Various sites around the country are being rocked with the sounds of explosions coming from Purim cap guns and firecrackers, setting off fears of rocket attacks among children and teens. But it's not only the toy guns that are the problem -- even some costumes might be dangerous.
Dalia Marom, head of the toys and metals laboratory at the Mechanical Standards Institute, reiterated an annual message to parents and children in an interview with Arutz Sheva's Hebrew news service. “All toys are required to have warnings on them, written in Hebrew. One must read them and operate the toy according to the instructions,” she said. “If there are no instructions, just don't touch it,” she added.
Marom noted that the warnings are intended primarily for parents, whom, she said, bear the primary responsibility for monitoring the items with which their children play. “Adults are not always so careful either,” she said.
One recommendation was to use the traditional “cap gun” in an “non-traditional” manner, and instead, use only the gun itself for the child's play on Purim. Each year, many accidents are reported with these particular toys. Children whose pockets are filled with the caps – which are actually bits of gunpowder – suffer varying degrees of burns after falling and setting off small explosions.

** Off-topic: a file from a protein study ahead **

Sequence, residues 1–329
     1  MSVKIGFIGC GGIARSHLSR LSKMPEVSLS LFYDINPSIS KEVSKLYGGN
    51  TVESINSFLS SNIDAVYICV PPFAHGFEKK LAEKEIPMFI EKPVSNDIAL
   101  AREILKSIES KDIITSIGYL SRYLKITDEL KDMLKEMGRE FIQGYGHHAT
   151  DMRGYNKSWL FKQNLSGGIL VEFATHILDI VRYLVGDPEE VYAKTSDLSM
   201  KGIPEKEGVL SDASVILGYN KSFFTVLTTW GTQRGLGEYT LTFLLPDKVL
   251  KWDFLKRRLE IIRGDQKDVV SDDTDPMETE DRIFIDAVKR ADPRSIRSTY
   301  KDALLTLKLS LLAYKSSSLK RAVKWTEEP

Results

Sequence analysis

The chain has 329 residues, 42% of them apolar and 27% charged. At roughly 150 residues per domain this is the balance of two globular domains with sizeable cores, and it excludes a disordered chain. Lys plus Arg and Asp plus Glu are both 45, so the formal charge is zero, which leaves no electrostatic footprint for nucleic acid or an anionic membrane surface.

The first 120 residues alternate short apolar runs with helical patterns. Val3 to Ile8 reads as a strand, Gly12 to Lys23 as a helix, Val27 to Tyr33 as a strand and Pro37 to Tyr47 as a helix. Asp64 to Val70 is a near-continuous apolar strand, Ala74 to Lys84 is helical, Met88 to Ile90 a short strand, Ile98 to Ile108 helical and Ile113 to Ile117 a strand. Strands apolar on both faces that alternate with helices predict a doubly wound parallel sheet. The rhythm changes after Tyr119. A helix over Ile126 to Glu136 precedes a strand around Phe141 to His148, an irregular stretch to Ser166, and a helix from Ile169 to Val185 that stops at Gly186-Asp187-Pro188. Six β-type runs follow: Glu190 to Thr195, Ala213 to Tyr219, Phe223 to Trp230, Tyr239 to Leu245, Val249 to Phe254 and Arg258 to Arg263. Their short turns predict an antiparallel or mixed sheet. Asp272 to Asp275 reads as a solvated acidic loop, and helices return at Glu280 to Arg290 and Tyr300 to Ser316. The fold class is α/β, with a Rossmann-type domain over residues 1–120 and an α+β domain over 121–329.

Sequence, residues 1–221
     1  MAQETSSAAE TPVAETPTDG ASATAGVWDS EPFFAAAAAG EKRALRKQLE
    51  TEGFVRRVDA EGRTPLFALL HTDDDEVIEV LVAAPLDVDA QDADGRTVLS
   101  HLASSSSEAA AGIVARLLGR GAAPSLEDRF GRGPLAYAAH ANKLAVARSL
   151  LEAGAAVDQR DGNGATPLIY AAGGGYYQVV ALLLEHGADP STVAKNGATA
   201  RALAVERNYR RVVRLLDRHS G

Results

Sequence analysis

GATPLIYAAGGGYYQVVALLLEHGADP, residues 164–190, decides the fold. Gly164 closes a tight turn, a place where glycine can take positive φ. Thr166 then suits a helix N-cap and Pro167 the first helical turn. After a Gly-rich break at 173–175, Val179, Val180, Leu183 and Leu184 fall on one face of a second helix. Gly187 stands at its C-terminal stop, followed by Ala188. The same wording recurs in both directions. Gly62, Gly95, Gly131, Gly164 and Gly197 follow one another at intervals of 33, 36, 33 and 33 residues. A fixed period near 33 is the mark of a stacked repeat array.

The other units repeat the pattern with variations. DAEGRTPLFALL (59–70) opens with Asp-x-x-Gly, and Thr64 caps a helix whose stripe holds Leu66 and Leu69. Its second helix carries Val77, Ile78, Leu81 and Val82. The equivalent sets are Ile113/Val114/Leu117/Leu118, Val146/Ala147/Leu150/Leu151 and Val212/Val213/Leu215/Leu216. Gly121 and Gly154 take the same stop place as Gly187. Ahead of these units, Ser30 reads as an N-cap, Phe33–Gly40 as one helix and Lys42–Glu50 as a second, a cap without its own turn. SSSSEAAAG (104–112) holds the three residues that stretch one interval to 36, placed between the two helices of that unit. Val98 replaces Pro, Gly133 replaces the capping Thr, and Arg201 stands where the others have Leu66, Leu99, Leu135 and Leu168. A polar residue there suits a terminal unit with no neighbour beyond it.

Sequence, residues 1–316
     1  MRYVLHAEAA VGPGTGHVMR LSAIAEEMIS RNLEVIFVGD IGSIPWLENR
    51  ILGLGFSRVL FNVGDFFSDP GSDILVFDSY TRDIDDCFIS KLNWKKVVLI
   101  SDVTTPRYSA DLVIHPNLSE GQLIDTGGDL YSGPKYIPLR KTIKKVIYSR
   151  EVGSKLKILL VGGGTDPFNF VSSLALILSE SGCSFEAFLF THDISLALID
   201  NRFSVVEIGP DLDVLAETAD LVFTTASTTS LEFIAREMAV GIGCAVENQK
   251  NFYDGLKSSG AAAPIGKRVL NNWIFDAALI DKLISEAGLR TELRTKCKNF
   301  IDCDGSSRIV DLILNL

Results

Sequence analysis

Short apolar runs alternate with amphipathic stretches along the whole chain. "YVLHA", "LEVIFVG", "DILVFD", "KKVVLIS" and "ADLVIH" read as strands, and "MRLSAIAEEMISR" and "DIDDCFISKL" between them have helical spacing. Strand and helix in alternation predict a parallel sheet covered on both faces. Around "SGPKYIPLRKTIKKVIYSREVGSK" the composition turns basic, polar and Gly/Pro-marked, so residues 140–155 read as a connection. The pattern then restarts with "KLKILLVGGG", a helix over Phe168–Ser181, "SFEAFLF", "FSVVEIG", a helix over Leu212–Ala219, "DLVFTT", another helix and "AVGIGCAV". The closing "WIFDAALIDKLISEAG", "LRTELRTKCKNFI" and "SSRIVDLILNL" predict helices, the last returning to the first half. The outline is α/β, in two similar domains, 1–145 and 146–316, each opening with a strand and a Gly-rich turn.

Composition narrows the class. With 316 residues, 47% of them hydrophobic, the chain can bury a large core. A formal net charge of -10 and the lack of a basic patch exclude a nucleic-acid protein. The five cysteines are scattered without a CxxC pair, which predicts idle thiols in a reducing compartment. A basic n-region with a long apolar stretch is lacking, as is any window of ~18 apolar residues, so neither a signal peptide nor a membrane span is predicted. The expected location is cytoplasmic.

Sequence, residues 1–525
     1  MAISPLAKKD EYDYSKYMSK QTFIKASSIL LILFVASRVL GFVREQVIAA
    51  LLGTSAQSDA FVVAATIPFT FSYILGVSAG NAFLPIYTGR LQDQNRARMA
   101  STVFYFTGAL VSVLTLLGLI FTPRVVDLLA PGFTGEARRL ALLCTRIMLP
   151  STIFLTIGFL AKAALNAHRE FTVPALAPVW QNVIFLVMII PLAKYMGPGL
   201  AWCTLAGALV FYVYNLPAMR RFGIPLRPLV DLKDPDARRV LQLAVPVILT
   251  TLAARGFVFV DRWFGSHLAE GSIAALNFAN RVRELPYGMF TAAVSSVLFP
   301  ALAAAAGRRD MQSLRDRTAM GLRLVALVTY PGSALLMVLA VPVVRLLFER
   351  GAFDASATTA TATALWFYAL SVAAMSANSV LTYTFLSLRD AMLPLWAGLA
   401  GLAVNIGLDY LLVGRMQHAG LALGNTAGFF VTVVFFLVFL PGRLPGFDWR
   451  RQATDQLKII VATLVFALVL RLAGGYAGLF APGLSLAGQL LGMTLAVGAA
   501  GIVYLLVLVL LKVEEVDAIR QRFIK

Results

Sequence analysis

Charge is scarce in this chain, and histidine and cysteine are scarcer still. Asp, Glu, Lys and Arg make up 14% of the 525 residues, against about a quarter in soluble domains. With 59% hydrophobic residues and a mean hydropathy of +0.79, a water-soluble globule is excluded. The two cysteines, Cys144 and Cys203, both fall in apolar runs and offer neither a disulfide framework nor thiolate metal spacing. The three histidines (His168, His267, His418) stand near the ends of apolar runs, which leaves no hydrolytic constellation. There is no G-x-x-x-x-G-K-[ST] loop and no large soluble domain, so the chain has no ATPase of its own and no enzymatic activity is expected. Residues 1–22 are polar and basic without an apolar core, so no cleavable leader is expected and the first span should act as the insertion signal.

In order to gain the approval of the Institute, a toy or costume must meet a specific fire safety standard. “We do not claim that something is not flammable, but that the material sprayed on the costume inhibits the spread of fire long enough for one to be able to extinguish it.” However, Marom added, in order to maintain the non-flammable status, one must refrain from washing the costume, and send it to a dry cleaner if necessary, because the flammability-protection material is water-soluble.
Marom strongly urged parents to practice fire safety procedures with their children, including techniques on how to rapidly extinguish flames if the costume should catch fire. Such measures include dropping to the ground and rolling around to put out the flames.
Masks are also an issue, she said, noting that sometimes there are no ventilation openings in the front, and that the sizes are not always suited for a child's head. “In such cases there is a risk of suffocation,” Marom warned. She advised parents to test all masks before Purim, especially because some children are sensitive to different odors that emanate from the rubber or plastic material of the mask. Those odors, or the material itself, can also cause dizziness or headaches in some children, she added.
Parents should also check Purim makeup ahead of time, Marom recommended, pointing out that many substances have not necessarily been inspected or approved by the government, and could cause skin irritations or other allergic reactions.